Wasted is a story about chance, about Jack who seeks to control it by directing his life through the toss of a coin, and about Jess who has to deal with the consequences. Oh, and it has to be one of the most nerve-jangling books I've read for a long time, though in a good way. I mean, I'm used to getting attached to characters and worrying about them, but Wasted dials that edge-of-the-seat anxiety up a notch. Why? Because not only are we shown how chance determines what is, we also get to see what could have been. And the reader has a hand in shaping both.
The driving force within Wasted is the way small seemingly unrelated moments can combine to determine the course of events, even spelling the difference between life and death. But those moments could easily have been different. What if we had arrived somewhere slightly earlier, or missed a particular phone call? What if someone glanced up and noticed something they might easily have missed? Life is shot through with What Ifs like these, but in Wasted we are given a god's eye view of this process. At two points during the book the reader is even shown the dramatic role of chance through alternative chapters, and then, at the end, it's our turn to toss a coin to decide the fates of Jack and Jess.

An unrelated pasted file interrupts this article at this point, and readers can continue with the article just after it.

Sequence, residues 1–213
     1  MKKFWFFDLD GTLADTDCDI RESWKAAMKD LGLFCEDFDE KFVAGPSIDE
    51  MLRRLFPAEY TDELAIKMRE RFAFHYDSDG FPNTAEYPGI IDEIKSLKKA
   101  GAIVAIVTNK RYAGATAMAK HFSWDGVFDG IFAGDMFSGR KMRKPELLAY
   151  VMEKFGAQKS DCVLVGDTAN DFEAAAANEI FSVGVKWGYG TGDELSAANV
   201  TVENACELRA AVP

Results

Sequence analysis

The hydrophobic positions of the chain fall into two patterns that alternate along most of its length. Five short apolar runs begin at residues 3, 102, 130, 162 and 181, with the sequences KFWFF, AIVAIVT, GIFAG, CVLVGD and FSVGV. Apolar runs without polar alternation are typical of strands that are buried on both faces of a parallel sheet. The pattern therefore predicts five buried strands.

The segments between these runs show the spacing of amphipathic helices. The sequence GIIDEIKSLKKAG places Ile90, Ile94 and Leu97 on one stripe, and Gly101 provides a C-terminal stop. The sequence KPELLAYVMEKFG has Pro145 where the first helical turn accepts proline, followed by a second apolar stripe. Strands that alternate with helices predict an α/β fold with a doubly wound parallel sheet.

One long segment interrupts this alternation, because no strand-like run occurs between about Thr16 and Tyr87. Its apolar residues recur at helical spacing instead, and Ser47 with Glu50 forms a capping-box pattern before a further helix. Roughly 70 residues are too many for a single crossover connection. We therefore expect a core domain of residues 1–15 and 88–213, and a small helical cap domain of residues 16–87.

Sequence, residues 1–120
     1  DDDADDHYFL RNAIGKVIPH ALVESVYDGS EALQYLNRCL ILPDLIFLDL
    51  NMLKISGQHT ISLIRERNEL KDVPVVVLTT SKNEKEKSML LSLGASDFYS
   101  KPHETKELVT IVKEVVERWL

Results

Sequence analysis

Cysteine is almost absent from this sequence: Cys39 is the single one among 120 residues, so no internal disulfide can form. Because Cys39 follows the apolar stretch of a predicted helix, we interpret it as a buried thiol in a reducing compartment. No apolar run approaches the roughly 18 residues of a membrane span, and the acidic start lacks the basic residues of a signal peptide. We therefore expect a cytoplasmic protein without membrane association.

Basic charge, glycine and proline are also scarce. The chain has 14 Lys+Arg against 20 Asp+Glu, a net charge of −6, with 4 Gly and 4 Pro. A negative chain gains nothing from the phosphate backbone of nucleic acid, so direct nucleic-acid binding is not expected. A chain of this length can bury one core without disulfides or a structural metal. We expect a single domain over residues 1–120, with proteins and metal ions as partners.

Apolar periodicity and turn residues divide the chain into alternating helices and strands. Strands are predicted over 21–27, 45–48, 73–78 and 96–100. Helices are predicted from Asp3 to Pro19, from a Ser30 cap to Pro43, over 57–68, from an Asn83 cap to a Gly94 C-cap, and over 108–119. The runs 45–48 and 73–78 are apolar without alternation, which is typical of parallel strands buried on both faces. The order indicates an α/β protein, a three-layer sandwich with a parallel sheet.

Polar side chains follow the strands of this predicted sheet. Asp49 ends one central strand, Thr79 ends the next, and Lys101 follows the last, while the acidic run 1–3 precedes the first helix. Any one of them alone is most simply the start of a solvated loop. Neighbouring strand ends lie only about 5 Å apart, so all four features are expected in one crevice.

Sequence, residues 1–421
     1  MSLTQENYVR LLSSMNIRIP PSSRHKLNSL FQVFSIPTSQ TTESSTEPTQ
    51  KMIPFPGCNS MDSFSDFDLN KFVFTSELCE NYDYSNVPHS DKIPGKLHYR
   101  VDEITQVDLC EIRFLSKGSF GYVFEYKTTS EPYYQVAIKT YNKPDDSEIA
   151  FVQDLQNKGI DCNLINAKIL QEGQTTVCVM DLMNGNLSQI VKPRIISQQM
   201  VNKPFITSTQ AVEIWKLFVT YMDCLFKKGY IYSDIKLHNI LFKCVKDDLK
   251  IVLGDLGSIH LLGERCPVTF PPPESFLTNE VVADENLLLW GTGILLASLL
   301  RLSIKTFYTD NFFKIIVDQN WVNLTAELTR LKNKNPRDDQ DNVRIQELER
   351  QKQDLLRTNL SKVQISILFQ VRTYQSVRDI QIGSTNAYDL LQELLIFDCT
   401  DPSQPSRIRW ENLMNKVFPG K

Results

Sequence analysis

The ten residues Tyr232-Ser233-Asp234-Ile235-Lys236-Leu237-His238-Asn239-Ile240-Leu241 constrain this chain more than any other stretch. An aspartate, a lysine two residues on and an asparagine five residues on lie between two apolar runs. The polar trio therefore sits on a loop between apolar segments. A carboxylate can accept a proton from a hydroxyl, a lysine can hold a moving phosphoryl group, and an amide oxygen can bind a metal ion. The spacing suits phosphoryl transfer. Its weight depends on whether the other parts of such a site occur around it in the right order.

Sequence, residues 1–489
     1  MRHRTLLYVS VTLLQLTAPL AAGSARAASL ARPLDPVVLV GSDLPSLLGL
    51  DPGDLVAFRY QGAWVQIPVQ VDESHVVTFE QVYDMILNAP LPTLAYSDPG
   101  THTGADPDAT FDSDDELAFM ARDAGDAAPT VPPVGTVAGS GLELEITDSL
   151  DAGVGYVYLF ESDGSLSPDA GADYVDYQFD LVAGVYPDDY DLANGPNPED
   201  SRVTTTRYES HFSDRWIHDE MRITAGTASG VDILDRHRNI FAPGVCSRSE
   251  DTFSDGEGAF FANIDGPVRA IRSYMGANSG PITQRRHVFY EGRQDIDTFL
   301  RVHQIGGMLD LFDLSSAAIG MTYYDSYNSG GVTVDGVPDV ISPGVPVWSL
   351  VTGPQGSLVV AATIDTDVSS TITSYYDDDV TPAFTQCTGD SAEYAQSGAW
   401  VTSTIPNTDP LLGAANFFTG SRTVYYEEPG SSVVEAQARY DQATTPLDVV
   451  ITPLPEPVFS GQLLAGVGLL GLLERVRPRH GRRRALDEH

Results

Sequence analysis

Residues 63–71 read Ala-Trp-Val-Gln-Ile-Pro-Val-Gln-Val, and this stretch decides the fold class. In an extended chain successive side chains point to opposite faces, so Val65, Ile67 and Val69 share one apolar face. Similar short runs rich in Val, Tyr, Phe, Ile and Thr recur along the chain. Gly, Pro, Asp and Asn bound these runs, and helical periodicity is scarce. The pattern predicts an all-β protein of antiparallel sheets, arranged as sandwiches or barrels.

I must admit that I wasn't very keen to read this book. I'd got hold of the wrong idea about it and its coin-flipping peculiarity. I imagined it would be like those choose-your-own-adventure books I read as a boy. But I'm a grateful follower of the author's blog and knew this was an important title for her, so I added it to the pile. The fact that it has turned out to be one of the highlights of my reading year shouldn't really surprise me though, because I knew from Fleshmarket that Nicola Morgan writes beautifully and vividly. But to think I almost didn't read Wasted! There's a What If right there.
The voice of the narrator (and therefore the author) is very present in Wasted, and this might grate with some. But don't let it. The presence of the author at our shoulder is key to how the book works. This is a puppet show where not only can we see the puppets and their story, but also the puppeteer, and even the way the strings interact. The result is a completely engrossing reading experience -- literature in the round. Actually, it's like being invited backstage to watch the play, and is all the more fascinating for that.
It says something about how much I got caught up in the story that I took that final act of coin tossing very seriously. I was determined not to sneak a view of the alternative ending, and I still haven't. I flipped the coin and got heads, and with it the end of the story that chance dictated. Then I turned the book round and round in my hands, looking at it, as I always do when I finish something and know I'll never be quite the same again. It is, quite simply, a brilliant book.